Jonathan Watts used to say a prayer as a young boy living in Britain that included the request: “Please make sure everyone in China doesn’t jump at the same time.”
Today, living in China as the Guardian’s Asia environment correspondent, Watts no longer worries that such a coordinated ‘people’s movement’ would wreak havoc on the planet. Instead, he’s concerned that China’s rapid economic growth will, if it follows the Western path of industrialization, do much more damage than a billion Chinese leaping in concert could ever accomplish.
“When a Billion Chinese Jump” is the title of Watt’s book, an entertaining travelogue that frames his sobering examination of the environmental consequences of China’s rush to modernity and global economic leadership. He spoke Thursday evening at the UW’s Kane Hall, his lecture sponsored by the World Affairs Council’s young professionals international network.
In a nutshell, Watts says China is growing at the expense of its water, air and environment.
“It’s the worst in the world, on a number of fronts,” he told me over drinks. At the same time, Watts says China is moving into renewable energy much faster than the U.S. or most European nations.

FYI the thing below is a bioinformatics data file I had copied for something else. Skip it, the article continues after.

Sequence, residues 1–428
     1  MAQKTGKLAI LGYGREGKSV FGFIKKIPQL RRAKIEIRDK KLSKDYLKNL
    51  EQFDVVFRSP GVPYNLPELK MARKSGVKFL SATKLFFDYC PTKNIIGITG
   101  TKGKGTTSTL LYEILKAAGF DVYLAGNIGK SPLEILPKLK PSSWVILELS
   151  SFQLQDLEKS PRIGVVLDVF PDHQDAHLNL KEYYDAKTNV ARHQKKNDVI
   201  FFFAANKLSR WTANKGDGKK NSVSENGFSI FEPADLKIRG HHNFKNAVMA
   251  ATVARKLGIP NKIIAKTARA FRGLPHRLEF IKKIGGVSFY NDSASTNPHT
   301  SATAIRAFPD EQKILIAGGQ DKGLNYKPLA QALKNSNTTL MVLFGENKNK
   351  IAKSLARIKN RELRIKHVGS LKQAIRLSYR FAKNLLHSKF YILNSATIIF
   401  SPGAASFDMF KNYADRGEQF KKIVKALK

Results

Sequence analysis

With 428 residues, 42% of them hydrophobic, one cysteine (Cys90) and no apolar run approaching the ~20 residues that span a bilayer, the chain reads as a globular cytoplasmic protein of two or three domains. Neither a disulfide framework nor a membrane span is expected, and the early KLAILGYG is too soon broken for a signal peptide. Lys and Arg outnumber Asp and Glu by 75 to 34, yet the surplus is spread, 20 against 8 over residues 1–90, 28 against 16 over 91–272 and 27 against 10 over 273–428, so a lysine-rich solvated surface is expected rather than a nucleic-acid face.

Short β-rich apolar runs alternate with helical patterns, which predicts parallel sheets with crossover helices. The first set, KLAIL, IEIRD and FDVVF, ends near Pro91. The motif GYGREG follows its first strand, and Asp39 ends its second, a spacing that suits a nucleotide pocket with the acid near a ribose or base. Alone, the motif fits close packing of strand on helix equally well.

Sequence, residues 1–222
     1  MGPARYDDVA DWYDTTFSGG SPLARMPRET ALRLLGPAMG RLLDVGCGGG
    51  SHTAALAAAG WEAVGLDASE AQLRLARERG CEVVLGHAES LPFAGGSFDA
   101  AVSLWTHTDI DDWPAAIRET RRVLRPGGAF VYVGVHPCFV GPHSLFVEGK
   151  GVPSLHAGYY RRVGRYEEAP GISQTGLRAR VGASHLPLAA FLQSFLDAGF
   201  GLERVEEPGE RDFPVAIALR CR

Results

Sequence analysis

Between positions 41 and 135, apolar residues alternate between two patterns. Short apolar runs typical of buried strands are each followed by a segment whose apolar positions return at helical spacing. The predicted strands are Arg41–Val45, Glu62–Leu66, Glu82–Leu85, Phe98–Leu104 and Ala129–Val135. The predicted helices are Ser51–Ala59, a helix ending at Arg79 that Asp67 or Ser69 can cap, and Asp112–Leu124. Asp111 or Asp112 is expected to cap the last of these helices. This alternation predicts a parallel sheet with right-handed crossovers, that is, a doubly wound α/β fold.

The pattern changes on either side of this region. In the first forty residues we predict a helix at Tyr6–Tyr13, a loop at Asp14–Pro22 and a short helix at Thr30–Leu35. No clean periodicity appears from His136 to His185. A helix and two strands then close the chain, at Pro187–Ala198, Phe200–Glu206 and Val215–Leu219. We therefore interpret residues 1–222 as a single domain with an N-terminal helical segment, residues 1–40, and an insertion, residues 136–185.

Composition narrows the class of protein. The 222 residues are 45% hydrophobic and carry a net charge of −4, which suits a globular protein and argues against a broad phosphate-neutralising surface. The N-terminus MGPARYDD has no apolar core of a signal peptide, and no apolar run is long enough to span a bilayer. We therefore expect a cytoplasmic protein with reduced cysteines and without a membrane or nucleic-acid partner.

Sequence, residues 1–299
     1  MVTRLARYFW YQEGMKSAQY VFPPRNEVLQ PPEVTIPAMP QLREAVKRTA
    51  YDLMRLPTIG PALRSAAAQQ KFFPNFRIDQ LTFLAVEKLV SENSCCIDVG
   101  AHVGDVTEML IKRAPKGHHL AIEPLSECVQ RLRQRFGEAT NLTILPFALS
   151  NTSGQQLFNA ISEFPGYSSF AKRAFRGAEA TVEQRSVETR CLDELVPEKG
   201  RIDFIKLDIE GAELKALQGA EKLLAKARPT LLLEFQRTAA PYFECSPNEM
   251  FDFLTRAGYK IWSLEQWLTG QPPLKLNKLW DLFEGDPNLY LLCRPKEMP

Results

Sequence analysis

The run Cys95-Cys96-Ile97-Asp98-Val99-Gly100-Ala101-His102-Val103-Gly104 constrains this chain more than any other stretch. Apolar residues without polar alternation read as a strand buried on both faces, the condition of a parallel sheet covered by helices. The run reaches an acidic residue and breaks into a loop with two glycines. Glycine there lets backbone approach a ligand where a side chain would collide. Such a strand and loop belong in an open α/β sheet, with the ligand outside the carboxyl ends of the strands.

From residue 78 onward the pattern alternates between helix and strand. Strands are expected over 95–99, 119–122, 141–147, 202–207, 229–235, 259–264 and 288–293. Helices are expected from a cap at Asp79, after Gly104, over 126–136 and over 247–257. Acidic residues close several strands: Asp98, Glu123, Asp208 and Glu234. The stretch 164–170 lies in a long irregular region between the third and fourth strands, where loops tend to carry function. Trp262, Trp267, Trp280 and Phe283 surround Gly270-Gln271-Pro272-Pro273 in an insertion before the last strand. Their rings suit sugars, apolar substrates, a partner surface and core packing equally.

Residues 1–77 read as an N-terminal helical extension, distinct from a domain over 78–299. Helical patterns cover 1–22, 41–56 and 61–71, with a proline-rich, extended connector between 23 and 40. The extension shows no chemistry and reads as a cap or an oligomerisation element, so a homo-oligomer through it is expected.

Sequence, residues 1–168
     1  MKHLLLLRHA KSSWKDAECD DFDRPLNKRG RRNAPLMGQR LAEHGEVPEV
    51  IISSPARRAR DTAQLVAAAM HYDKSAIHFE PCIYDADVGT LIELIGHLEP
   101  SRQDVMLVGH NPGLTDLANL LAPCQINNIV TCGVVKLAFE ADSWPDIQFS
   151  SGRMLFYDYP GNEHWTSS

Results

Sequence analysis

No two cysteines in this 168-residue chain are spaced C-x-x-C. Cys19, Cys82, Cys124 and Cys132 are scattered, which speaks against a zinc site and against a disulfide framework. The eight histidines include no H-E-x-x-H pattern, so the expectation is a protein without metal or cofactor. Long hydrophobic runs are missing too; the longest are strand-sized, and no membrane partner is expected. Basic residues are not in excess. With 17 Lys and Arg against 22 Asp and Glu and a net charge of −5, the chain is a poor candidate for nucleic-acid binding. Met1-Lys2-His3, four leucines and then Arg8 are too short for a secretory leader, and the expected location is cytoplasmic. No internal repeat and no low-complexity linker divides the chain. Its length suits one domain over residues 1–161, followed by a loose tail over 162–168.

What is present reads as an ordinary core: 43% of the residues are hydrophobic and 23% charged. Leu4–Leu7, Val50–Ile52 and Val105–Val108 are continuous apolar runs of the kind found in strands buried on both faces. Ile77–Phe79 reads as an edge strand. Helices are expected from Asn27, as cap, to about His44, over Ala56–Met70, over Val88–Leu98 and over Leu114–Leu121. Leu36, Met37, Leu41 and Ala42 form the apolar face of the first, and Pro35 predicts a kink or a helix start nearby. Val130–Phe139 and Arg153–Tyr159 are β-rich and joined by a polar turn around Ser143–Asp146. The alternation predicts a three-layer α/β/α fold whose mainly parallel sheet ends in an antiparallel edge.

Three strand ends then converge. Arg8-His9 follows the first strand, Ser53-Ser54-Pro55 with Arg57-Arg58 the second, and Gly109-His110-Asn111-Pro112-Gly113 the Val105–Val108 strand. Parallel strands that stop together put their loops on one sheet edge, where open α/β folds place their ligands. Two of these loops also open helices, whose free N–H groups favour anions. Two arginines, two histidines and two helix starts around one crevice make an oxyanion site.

“You often hear that China builds a coal-fired plant once a week,” he said. “But they are also building a new wind turbine every hour.”
The Chinese know they are at a tipping point, Watts says, trying to prevent an environmental death spiral without sacrificing economic growth. The subtitle is “How China Will Save Mankind – or Destroy it.”
China is not going to choose to stop growing as an industrial power just because the rest of us, with our two cars and air-conditioned homes, want it to stop spewing carbon and contributing to climate change. But they may choose a greener path, Watts says, if we can all move toward an economic system that incorporates incentives for increasing environmental wealth at the same time.
China’s path to progress is inextricably linked to our well-being, environmentally and economically. The Chinese are jumping forward at a pace unprecedented in history. Which direction they take and where they land, Watts says, is of critical importance to the entire planet.